You know when you’re about to do something really brave and someone says to you, ‘well, you’ve got the backbone for it’, you know that what they’re saying in a roundabout way is that you’ve got the strength to do it.
And there’s good reason why the word backbone is used in this sense. It’s because that column of small, linked bones that runs down the middle of our backs is crucial for our sturdiness, power, and agility.
The pivotal link to everything!
Did you know that your spine is made up of 24 moveable bones? These are connected to a total of 120 muscles, 220 ligaments, and more than 13 million neurons. Pretty impressive, eh? So, when we take care of our spine, all these other bits of circuitry stay in peak health too allowing us to twist and turn with ease.
Aren’t columns usually straight?
You’ve probably heard the term, ‘spinal column’. But our spines are anything but straight. Spines have 3 curves – actually 4 if you include the sacrum. It makes no sense for it be to like a column. Imagine trying to tie up your shoelace if that was the case – impossible!
Next time you walk past a full-length mirror, or brave enough to look into a scrupulously clean shop window to see your reflection, turn to the side to reveal your curves.
- Starting at the top you’ll see the first curve which is your neck. It curves inwards and is known as the cervical curve.
- Moving down you’ll see a curve at your upper back. This curves outwards and is known as the thoracic curve.
- Next there’s the curve at your lower back which curves inwards. This is known as the lumbar curve.
- And finally, there’s the sacrum. This is made up of fused bones that form a connection with the pelvis and attaches with the tailbone (coccyx).
Different designs for different functions
Where the function of the spine changes, the design does too, and these are the spots where the spine can get stuck resulting in us experiencing irritation or pain.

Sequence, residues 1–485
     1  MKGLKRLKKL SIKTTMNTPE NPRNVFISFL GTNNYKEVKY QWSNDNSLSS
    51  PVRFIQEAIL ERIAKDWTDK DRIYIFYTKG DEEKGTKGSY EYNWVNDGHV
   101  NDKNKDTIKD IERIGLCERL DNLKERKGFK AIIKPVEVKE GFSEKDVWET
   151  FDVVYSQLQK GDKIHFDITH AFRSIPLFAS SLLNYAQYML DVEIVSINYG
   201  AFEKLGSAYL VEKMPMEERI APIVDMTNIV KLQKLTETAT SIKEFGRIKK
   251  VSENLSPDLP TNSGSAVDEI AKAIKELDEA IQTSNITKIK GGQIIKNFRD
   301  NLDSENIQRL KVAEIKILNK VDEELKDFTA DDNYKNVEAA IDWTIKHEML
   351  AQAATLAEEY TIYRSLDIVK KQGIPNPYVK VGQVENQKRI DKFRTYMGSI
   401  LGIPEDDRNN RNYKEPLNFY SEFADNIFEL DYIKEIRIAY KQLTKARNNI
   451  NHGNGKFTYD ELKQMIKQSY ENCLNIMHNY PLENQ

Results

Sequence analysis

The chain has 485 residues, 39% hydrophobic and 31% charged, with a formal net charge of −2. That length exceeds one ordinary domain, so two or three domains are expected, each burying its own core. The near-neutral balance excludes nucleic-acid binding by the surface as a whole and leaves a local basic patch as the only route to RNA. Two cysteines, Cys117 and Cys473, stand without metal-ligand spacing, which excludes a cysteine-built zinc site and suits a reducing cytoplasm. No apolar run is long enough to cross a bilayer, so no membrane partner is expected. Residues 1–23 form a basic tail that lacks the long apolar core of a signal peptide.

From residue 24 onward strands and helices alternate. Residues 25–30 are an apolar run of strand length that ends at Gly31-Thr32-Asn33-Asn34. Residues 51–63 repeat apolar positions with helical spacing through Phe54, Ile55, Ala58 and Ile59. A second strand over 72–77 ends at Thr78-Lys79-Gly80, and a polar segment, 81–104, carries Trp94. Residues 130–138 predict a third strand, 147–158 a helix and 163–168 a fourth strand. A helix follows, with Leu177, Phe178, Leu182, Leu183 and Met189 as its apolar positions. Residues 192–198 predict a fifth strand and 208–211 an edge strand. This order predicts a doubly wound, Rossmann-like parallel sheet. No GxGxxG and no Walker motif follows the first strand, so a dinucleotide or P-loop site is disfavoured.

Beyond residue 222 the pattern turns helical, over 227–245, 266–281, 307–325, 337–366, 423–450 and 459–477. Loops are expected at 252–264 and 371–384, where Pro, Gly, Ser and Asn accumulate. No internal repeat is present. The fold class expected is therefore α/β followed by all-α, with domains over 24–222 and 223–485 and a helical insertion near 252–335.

This discomfort may be fleeting meaning that we don’t really notice it, but there may be times when the discomfort can quite literally stop us in our tracks!
Now, thinking back to the curves mentioned above and the changes in design, let’s take a closer look at the functions:
- The role of the cervical spine (the neck) is to support the head and allow movement. The bones are small and offer a lot of mobility.
- The bones of the thoracic spine (the upper back) are larger at the top and smaller at the bottom. Their role is to support the rib cage.
- The largest bones of the spine are found in the lumbar spine (the lower back). They carry the load of the upper body and provide the link with the lower body.
The front and the back of the spine is also designed differently.
- The front comprises of denser, thicker bodies of bone, designed for load bearing and stability.
- The back of the spine has much more space and provides attachment points for many of the back muscles and connecting bones. It handles the forces of tension that are created when we move.
By now you’re in no doubt that the spine is made from lots of different parts. So, it makes sense for us to do what we can to keep it as healthy as possible. Think of exercising your spine the same as spraying WD40 on the moving parts of a machine.
What to do when you’re feeling stiff
Most of us can relate to feeling stiff every now and then. We automatically do a little squirm and shimmy to try and loosen things up. But when that doesn’t work, we end up working other parts of the body even harder as a work around. This solution is never sustainable, and even more aches and pains will start to appear.
Here’s what you can do every day to free your spine:
- Ideally do this standing, but if you do this sitting down make sure that your feet are flat on the floor and that you’re lifting yourself tall through your spine.
- Place your hands on your chest and keep your head and hips still. Rotate your rib cage side to side.
- Arms down by your side, slide one arm down the side of your leg. Pause for a split second when you get to the top and repeat on the other side.
- Rock, tuck and tilt your pelvis back and forward keeping your shoulders in the same place.
Our information superhighway
And finally, let’s not forget about our internal superhighway – aka the spinal cord. Made up of soft tissue it extends from the base of our brains and contains nerve cells. Its job is to support our every movement and the structure of our bodies. Without it we simply can’t function.
Every vertebral bone of our spine has its own specific role as you’ve discovered, all with the purpose of helping us perform daily activities as efficiently and effectively as possible. And when you think that it’s our vertebrae that surrounds the spinal cord to protect it and keep it safe, it really is worth investing in the time to keep it in peak condition.
If you feel that you could benefit from discovering more ways to strengthen your core, feel free to get in touch with me at firstname.lastname@example.org.